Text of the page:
It’s been a while since I’ve posted a round-up of new Spotify-related sites so here’s a brief look at four of the newest. For the first six or seven months this year new Spotify sites were popping up almost on a daily basis, but it looks like we’ve reached a saturation point now, at least until Spotify release a proper API. Anyway, follow the jump for an overview of some of the new Spotify community sites!
Still in beta, xpandify is a playlist sharing site that lets you filter playlists based on genre as well as decade. You’re not restricted to a simple set of basic genres: like Last.fm you can enter custom tags for your playlists, either by creating new ones or by using ones already entered by someone else. Of course, tags like “awesome” and “new” aren’t that helpful, but you can view all the tags as a weighted cloud then view and filter by decade. xpandify lets you like (“applaud”) a playlist, add comments, and it keeps track of how many clicks each one has had. You can add album art and update the list of tracks at any time.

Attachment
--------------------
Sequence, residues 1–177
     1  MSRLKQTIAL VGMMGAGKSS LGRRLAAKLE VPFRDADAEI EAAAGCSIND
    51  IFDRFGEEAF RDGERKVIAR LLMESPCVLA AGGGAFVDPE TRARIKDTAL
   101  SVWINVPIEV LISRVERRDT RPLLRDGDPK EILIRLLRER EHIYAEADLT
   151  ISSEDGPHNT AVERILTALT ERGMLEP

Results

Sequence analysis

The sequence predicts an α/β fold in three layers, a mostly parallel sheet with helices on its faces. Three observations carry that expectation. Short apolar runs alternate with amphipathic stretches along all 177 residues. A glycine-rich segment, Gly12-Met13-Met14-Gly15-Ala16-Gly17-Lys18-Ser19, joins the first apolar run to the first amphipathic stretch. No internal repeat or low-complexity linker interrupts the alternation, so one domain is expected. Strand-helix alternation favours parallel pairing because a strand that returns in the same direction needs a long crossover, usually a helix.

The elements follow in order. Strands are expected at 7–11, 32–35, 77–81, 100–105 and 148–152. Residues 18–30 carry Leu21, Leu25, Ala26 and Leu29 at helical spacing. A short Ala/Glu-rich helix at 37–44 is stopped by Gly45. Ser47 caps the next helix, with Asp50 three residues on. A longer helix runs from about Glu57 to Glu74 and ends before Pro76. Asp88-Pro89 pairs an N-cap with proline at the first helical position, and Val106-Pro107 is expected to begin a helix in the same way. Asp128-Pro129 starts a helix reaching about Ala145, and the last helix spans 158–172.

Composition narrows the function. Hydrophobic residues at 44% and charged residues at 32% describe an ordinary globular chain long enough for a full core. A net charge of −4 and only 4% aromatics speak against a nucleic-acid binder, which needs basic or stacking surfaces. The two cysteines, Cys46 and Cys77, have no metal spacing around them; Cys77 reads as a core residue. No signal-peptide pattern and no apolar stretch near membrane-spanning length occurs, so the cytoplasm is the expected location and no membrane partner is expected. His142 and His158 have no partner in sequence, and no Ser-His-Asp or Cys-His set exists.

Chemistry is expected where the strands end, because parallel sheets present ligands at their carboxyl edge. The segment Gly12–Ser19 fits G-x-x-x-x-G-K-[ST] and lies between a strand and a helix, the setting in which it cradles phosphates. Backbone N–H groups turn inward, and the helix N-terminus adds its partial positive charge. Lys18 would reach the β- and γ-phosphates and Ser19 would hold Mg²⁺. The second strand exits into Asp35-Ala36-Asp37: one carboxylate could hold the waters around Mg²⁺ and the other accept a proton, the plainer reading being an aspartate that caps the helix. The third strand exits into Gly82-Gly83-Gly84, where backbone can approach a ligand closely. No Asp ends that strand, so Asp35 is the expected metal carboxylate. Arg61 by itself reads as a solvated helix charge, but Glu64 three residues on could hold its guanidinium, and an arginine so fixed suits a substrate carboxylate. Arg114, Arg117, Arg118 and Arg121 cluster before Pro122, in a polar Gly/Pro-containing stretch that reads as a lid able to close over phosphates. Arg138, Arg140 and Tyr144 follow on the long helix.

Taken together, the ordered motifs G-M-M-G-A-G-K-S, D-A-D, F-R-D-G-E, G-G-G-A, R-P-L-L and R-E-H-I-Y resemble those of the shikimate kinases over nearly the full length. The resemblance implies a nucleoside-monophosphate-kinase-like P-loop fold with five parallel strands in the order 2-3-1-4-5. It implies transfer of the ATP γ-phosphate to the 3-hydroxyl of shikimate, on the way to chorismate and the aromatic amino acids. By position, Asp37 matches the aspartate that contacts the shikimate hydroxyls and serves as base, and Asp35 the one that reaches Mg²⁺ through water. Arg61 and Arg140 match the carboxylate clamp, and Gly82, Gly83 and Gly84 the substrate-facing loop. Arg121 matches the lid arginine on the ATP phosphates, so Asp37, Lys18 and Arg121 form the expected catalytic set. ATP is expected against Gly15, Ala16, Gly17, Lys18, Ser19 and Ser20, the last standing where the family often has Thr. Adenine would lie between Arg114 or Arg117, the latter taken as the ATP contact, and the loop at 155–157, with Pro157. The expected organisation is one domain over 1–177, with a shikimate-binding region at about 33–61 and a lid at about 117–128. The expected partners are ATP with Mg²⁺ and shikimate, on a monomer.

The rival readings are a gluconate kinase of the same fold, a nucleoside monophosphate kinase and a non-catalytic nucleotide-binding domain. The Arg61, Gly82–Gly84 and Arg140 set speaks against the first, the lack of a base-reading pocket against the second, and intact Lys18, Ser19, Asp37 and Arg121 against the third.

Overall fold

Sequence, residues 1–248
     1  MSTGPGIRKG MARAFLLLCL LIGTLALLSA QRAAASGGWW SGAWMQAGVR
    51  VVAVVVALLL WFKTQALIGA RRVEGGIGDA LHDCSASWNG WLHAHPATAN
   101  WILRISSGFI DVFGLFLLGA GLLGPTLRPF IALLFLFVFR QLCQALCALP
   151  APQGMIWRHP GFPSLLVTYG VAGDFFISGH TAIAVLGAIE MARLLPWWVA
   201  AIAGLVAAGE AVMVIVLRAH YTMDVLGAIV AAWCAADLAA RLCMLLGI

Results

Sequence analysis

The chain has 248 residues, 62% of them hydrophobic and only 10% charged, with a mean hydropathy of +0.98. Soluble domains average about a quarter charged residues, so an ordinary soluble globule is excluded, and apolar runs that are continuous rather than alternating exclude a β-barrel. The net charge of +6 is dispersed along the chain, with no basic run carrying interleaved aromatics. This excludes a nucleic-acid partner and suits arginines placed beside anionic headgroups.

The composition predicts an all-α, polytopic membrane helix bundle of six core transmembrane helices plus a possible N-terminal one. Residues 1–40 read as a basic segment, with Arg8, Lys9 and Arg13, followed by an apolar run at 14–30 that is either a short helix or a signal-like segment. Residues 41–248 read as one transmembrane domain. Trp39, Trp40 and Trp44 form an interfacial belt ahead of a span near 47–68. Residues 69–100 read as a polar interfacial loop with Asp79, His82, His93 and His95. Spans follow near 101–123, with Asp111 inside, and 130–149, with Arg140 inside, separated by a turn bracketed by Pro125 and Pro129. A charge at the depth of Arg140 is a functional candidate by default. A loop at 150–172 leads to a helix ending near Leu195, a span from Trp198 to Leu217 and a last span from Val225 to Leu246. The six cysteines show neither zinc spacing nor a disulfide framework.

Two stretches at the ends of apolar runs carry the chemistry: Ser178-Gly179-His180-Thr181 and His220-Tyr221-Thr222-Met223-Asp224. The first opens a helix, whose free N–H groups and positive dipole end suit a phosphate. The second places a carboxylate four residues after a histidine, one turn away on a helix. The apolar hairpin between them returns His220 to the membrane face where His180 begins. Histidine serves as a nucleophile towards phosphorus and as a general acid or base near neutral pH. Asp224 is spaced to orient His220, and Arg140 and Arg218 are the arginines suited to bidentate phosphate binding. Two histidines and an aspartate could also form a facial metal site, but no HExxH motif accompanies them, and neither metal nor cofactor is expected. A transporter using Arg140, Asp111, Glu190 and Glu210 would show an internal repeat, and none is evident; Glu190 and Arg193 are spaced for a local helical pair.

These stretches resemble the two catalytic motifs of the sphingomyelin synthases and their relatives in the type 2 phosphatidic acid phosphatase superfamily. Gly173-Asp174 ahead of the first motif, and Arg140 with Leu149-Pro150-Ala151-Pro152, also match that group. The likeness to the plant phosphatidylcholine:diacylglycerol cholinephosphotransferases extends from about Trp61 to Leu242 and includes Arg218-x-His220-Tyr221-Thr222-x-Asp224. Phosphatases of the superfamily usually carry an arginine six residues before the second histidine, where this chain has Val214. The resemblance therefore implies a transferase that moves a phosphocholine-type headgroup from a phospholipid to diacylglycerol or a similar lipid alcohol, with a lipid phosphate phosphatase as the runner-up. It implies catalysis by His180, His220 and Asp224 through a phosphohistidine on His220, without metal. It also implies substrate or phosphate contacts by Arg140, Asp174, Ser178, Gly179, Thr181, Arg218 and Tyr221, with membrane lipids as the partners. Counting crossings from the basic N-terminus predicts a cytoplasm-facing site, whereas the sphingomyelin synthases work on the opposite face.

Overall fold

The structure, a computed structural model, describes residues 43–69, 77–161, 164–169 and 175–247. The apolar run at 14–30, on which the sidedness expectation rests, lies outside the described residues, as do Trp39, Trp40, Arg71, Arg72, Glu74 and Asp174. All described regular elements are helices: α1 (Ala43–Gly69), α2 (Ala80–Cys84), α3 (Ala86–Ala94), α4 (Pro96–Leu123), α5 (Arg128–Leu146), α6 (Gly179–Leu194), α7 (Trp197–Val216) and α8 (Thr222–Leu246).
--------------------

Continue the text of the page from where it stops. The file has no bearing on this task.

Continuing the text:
It’s a crowded market but creators Pontus and Martin have developed a playlist sharing site with a little bit of its own identity and features. The site also has an RSS feed and a Facebook group for fans.
xpandify also features some collaborative party playlists
A Norwegian Spotify community site, Spotify Norge combines a blog with news reports and a playlist site. Although the blog section hasn’t been updated in a while, the forum still seems to be fairly active with almost 400 users.
The Spotify Crates
A new personal playlist site, Carlj‘s the Spotify Crates adds a little extra. The samples section is a rolling list of songs where each song includes links to songs it samples or other songs that sample it. For example, Nas’ If I Ruled The World is listed and linked to both the original as well as the three tracks that it samples.
Another playlist sharing site, Myspotify seems to have come from nowhere to having almost six thousand playlists (including one of mine I don’t remember adding)! Perhaps Myspotify harvests the best playlists from around the net. It’s remarkably similar to YourSpotify so it may be that they share the same list of playlists. Anyway, the site has all the standard playlist sharing site features you’d expect: album art, categories, comments, “like” buttons etc.